Soldiers learn how to lead, be NCOs in Warrior Leaders Course
September 3, 2009
FORT BENNING, GA - One hundred and fifty-nine Soldiers in the Warrior Leader Course are learning what it means to be an NCO.
The Warrior Leader Course basically certifies them as sergeants, said SFC Murphy Serignet, NCOIC for the field exercise portion of the 15-day course, conducted by the Noncommissioned Officer Academy.
"It's to make them understand ... (they) need to step up to the next level - to go ahead and lead troops, care for the welfare of their Soldiers and be more responsible," Serignet said.
Making the leap from specialist to sergeant is about leadership and responsibility, said SPC Nathan Smith, who graduated from the course Thursday.
"It's a very big step," he said. "It's an important step. It's a good feeling to know that you're leading and taking care of Soldiers."
During the course, students learn field tactics and procedures in a classroom environment before applying the information in a hands-on environment. The culminating event is a four-day mission-based exercise where Soldiers react to IEDs, face ambushes, pull security and handle casualties. Squad leaders rotate after each mission, so every Soldier has the opportunity to lead.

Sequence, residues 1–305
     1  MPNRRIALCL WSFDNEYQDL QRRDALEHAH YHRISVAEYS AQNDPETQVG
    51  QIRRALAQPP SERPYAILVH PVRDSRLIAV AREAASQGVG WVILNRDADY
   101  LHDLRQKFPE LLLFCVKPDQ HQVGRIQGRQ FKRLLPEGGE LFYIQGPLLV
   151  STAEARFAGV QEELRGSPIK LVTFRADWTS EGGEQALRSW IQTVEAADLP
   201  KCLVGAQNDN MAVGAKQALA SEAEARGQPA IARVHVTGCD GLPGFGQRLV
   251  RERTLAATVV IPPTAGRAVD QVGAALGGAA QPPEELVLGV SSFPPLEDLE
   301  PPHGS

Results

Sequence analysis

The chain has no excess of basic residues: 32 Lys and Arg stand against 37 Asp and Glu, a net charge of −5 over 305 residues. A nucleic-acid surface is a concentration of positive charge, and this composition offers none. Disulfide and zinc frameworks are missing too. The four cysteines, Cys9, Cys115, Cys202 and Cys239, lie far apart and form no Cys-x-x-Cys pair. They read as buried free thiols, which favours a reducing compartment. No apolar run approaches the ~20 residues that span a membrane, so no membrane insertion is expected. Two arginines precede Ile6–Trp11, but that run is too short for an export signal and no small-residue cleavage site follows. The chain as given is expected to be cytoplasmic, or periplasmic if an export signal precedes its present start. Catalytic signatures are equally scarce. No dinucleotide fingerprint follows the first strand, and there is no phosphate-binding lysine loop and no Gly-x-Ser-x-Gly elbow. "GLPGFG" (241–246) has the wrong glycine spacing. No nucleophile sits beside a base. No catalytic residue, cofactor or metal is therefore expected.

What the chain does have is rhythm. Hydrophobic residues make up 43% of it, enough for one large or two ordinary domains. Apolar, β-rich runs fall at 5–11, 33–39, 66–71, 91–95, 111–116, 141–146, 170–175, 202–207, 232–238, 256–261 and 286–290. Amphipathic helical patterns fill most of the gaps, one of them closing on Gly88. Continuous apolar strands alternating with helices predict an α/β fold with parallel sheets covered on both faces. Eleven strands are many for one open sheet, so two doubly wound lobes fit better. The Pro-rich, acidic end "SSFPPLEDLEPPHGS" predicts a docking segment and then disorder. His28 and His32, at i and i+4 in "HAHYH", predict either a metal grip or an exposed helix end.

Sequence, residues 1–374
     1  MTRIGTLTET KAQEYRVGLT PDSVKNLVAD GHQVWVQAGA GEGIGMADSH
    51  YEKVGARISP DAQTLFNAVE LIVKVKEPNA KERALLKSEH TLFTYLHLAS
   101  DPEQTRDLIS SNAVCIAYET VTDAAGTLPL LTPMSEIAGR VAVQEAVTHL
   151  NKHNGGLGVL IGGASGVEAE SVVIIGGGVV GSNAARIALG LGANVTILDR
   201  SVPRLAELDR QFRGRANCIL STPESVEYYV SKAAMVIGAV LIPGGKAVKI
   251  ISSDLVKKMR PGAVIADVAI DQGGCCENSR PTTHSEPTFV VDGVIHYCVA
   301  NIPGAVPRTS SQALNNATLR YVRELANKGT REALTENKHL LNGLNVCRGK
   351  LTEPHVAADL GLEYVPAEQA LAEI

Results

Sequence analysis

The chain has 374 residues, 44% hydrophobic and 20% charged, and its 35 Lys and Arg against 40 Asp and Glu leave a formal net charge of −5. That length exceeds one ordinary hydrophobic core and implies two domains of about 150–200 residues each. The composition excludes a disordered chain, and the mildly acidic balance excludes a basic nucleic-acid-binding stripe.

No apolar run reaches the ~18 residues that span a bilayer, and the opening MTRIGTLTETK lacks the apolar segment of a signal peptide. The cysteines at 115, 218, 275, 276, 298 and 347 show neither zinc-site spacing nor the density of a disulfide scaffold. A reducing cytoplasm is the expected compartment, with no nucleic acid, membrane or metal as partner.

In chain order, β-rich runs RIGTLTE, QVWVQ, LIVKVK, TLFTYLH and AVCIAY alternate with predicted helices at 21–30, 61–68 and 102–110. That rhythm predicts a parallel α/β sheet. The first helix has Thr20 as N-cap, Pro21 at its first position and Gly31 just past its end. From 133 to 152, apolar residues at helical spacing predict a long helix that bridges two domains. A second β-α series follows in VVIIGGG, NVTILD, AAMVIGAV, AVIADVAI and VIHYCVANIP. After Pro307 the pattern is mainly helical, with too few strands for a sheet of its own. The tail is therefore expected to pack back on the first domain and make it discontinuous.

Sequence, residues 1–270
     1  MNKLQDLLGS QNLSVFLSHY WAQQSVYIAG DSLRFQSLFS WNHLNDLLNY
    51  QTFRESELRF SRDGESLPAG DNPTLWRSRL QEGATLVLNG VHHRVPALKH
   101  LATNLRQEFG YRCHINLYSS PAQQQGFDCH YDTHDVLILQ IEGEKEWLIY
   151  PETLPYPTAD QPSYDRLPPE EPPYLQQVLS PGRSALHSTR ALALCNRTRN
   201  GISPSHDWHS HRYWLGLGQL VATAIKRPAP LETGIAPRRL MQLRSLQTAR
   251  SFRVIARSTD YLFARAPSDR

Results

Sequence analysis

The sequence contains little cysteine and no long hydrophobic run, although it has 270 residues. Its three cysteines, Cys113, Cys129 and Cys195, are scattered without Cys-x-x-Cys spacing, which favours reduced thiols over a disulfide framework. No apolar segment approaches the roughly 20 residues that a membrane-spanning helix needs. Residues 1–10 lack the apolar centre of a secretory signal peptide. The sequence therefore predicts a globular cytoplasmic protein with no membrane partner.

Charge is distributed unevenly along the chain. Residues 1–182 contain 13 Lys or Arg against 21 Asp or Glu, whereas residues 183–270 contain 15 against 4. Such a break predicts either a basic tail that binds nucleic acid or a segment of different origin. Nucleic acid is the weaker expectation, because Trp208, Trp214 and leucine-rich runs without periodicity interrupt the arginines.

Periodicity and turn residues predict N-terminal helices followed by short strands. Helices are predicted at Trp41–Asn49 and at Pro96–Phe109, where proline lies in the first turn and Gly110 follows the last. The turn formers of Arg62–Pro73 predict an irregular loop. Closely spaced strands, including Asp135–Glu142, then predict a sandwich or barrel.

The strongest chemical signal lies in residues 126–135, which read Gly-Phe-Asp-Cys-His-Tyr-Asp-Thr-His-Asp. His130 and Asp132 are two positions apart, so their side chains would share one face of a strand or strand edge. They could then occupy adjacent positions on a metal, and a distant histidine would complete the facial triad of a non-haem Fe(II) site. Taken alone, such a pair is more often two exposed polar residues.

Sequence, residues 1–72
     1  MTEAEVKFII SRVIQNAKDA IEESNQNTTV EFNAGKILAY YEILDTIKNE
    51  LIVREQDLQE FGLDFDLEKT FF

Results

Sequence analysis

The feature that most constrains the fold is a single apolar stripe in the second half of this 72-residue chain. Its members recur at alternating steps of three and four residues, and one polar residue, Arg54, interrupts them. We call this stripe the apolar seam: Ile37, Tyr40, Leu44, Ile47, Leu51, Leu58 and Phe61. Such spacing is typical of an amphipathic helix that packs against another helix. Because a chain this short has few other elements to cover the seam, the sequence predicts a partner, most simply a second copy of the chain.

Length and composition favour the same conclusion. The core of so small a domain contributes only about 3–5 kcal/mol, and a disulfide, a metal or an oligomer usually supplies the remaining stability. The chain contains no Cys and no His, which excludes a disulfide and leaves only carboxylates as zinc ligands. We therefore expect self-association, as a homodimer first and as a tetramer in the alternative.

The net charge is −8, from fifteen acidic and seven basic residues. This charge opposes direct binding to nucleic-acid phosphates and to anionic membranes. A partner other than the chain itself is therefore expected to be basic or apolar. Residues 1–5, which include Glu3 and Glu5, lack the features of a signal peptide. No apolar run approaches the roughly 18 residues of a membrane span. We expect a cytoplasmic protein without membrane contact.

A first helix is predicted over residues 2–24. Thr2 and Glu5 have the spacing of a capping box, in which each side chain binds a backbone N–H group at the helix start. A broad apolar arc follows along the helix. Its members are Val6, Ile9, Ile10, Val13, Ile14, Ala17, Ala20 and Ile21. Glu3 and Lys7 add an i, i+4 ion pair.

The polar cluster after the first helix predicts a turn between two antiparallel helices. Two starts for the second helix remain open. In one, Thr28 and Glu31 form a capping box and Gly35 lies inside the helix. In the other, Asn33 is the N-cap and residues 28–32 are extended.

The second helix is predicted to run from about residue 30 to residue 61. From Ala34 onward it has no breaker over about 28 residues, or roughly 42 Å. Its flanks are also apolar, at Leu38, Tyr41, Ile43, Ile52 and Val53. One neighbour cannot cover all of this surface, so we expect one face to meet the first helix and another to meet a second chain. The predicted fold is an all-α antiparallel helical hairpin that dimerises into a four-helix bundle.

SPC Quyen Bui, who acted as the squad leader for a patrol mission Monday on Wendy Hill, said this was her first time in that type of leadership position.
"I'm not very experienced, but I will do better next time," said the signal support systems specialist. "I learned a lot, (but) I need to learn more about leadership. If you're not squared away, you're not able to be in that position to lead a Soldier."
Soldiers in the Warrior Leader Course come from a variety of MOSs, but they all conduct Infantry-type missions of clearing rooms on urban sites and leading patrols in the woodline.
SGT Sadie Tollberg works in the orderly room and has a background in chemical operations. She started the course Aug. 19, so she could graduate before deploying with the 3rd Heavy Brigade Combat Team in October.
"I could tell you anything about paperwork and desk work and anything in my actual MOS, but I haven't done a lot of this stuff since basic, and some of it I haven't even done there," she said. "It's difficult. A lot of the responsibility falls on you. You have to be confident. The main thing is to maintain accountability and make sure everybody is doing what they're supposed to be doing. It's a lot to watch at the same time. I'm really pushing myself beyond a limit I didn't know was possible."
Tollberg said she is having a rough week, but the course has helped prepare her if she should ever be in a similar situation.
"I think there's a bigger picture here," she said. "It's not necessarily that I'm going to take my Soldiers into a woodline. It's more that you have to do something immediately ... under stress, and you have to know what it's like to have everybody depend on you."